1900 Jan 01
Since the issue of Chinese Notice in 1899 by the, , informing all land owners in New Territories and Outlying Islands to claim land ownerships, received great amount of land claim disputes, amounting to 69,253 cases, as reported by in his report to Government in 1902.
enacted the No 18th Ordinance in Hong Kong, the Ordinance to establish to handle all theses claim disputes.
Mr. H E Pollock was appointed President, Mr. Gompertz was appointed member, and Mr. Kemp appointed as Registrar.
“ First sitting of Land Court did not take place till 20th February 1901 on Ma Wan Island, then frequent intervals to Cheung Chau and Ping Chau.
Mr. Pollock and me also went to Liyumoon to sit in Chinese Temple for hearing, and Cha Kwo Lang to sit in vacant shop for hearing.” remarked by H H J Gompertz as President of Land Court in report to Colonial Government dated 15th March 1902.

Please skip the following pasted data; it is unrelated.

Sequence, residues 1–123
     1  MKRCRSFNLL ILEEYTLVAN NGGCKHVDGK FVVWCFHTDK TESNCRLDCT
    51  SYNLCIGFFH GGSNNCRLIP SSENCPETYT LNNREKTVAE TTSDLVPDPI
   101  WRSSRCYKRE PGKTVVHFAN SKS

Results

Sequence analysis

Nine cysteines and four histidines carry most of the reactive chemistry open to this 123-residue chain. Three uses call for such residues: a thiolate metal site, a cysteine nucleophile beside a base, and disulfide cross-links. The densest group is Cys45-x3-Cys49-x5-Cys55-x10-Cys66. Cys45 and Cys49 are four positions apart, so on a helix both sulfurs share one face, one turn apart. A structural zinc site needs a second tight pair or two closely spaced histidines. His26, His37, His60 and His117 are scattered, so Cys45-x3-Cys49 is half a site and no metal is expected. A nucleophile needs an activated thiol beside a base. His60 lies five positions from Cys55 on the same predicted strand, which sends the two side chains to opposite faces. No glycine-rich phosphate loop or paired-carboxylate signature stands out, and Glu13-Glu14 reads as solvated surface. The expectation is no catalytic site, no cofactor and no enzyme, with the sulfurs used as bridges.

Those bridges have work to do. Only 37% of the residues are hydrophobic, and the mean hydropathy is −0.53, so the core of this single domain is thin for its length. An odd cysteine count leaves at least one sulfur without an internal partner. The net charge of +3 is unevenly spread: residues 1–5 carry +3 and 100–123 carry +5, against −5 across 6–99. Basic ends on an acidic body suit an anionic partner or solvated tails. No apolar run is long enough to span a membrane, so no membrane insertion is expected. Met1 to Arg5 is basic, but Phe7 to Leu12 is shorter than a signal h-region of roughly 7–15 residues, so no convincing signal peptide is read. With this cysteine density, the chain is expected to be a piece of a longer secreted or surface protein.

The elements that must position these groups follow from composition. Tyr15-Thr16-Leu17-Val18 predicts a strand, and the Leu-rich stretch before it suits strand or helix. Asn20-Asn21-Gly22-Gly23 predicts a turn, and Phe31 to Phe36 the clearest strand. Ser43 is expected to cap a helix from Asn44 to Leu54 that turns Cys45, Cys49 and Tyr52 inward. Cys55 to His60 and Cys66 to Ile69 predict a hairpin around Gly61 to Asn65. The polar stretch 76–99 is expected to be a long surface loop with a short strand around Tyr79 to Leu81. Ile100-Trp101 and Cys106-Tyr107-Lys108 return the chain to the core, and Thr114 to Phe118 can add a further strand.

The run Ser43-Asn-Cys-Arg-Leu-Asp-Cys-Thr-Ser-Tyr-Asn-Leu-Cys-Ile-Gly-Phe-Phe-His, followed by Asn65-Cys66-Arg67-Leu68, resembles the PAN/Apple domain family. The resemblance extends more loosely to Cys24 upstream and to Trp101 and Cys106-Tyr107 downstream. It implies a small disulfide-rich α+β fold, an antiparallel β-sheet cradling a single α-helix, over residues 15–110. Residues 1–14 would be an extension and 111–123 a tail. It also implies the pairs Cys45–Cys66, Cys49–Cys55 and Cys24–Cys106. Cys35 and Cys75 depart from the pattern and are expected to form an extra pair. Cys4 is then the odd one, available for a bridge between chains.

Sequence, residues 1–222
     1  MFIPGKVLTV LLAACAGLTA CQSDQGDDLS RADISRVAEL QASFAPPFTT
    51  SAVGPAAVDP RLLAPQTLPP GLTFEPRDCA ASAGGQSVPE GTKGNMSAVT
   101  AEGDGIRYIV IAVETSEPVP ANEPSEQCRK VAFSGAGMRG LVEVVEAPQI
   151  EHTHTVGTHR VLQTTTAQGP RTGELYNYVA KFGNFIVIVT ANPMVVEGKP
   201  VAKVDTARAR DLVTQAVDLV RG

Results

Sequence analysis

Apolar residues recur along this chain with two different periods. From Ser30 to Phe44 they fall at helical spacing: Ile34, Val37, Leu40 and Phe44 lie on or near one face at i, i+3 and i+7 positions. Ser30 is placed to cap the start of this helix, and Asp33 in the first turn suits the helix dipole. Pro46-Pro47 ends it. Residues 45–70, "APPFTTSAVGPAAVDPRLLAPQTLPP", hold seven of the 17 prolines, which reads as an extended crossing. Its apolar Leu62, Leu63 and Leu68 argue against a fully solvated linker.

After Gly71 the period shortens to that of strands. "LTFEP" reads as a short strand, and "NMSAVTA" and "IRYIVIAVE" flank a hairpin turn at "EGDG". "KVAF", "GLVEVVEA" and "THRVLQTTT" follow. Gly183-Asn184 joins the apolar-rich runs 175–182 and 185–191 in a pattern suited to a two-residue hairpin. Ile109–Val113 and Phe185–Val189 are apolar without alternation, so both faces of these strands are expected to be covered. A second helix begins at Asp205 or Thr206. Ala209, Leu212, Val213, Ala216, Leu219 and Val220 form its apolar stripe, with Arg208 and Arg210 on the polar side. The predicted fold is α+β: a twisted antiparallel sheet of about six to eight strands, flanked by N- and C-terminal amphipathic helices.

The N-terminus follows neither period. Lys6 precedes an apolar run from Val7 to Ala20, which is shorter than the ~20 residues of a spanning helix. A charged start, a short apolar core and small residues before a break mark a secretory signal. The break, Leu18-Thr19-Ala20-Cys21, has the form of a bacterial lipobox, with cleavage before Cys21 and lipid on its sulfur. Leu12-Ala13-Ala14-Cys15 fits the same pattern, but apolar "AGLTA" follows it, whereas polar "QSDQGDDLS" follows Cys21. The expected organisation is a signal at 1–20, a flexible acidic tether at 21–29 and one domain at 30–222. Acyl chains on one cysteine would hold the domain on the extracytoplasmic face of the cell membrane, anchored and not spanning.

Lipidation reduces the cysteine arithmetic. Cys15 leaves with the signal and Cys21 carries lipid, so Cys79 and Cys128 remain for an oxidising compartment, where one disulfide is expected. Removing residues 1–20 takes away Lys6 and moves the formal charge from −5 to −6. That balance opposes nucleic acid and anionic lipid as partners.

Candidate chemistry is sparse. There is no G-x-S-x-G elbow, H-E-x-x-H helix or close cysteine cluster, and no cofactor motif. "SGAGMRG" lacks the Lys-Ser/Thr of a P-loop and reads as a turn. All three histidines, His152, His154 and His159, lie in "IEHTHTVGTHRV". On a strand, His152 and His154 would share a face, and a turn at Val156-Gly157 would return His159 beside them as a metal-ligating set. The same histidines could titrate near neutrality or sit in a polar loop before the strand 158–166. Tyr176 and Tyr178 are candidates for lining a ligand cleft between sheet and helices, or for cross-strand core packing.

In 1905, Land Court member J R Wood submitted his report to Colonial Government and listed out the chief problems for settlement :
“Many large tracts of land are now claimed by persons who have never paid Crown Rent on them, who never reported their occupation, such as it was to the authorities, and whose claims have never in any way recognised by the Chinese Government.
Very many persons have been paying under the name of tax annual sums to families who professed to be giving an account of these sum to District Treasury but who as a matter of fact very often did nothing of the kind and who in many cases had no real title to more than a very small fraction of the territory over which they collected this rent. “
J R Wood went on to comment “ The claims to large tracts have for the most part on investigation proved untenable, while the Tax-collecting families or Taxlords, as we have called them., have , where they can show documents in support of their income of any part of it, been provided for in ways appropriate to each case on recommendations of the Court.”
Wong Wai Tsak Tong Clan’s bookrecord
Wong Wai Tsak Tong clan’s bookrecord